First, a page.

Background This study follows structured frameworks to assess the internal and external validity of a decision-analytic model-based cost-effectiveness of approaches to implement a risk-stratified national breast screening programme (risk-NBSP) in the United Kingdom (UK).
Methods A pre-defined set of steps were used to conduct the process of validation of a published decision-analytic model-based cost-effectiveness analysis of a risk-NBSP (UK healthcare perspective; lifetime horizon; costs (£; 2019). Internal validation was assessed in terms of: descriptive validity; technical validity; face validity. External validation was assessed in terms of: operational validation; convergent validity (or corroboration); predictive validity.
Results The results outline the findings of each step of internal and external validation. The positive aspects of the model in meeting internal validation requirements are shown. The limitations of MANC-RISK-SCREEN are described.
Conclusion Following a transparent and structured validation process, MANC-RISK-SCREEN has been shown to have good internal validity and satisfactory external validity. We suggest that MANC-RISK-SCREEN provides a robust decision-analytic model to assess the cost-effectiveness of risk-NBSP from the UK perspective.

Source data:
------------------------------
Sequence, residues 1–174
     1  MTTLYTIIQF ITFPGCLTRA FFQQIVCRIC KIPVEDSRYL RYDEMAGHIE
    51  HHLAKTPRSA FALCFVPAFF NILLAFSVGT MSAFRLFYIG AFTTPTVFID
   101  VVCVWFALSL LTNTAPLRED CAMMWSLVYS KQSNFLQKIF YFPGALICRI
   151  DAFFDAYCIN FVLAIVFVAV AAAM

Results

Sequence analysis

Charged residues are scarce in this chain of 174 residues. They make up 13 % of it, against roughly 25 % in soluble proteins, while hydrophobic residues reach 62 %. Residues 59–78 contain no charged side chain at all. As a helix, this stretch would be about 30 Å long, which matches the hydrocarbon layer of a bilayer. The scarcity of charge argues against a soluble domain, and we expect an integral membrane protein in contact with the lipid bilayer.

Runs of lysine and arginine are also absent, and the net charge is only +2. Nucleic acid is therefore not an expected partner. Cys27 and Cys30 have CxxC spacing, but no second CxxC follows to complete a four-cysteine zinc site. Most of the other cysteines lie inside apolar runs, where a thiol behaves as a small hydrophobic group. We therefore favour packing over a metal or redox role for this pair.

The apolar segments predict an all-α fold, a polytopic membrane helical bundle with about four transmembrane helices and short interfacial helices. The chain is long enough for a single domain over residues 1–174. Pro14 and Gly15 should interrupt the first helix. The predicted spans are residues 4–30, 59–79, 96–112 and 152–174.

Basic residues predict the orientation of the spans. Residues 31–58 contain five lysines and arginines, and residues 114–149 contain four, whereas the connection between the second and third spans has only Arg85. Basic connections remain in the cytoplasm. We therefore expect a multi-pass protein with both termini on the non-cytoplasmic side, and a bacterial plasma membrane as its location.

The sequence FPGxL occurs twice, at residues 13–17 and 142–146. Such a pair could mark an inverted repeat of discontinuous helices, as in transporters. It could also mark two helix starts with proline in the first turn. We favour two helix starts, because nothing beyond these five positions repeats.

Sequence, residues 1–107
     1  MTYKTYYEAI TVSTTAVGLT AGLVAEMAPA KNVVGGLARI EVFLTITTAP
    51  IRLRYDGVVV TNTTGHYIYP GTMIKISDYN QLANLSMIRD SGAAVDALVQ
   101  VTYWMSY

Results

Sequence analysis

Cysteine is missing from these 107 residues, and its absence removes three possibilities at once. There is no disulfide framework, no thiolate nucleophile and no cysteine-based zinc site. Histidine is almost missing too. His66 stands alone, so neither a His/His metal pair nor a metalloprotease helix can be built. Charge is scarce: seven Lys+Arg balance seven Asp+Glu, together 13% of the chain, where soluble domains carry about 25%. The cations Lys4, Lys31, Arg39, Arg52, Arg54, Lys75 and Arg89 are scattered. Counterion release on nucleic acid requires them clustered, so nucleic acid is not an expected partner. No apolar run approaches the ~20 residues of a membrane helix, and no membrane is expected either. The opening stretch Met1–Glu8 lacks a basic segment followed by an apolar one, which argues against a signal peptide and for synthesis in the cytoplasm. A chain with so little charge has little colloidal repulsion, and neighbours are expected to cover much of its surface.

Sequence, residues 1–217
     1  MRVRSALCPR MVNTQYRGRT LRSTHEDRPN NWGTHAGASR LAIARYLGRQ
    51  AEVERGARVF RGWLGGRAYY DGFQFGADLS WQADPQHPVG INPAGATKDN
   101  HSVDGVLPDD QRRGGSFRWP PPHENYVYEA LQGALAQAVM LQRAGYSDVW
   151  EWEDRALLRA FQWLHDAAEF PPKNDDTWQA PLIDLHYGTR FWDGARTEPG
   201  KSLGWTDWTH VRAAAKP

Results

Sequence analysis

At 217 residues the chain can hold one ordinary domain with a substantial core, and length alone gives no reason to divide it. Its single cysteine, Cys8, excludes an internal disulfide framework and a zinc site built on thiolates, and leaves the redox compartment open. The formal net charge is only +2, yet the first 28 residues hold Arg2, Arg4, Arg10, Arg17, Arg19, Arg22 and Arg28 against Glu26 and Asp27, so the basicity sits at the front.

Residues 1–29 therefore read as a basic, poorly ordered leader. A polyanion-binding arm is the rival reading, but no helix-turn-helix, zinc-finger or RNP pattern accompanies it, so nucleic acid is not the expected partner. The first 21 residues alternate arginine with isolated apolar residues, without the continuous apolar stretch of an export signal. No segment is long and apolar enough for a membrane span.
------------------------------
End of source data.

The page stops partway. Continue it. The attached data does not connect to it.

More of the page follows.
Key points for decision makers There are emerging suggested adaptations to national screening programmes, such as the introduction of risk-stratification to the national breast screening programme (risk-NBSP) in the United Kingdom (UK)
There is a key role for the use of decision-analytic model-based analysis of healthcare interventions, such as a risk-NBSP, that are difficult to evaluate in trials due to the large number of participants required and very long follow up period required.
This study follows structured frameworks to assess the internal and external validity of a decision-analytic model-based cost-effectiveness of a potential risk-NBSP. The decision-analytic model is shown to perform to a satisfactory level, with possible limitations described clearly, to inform resource allocation decisions from the perspective of the UK healthcare system.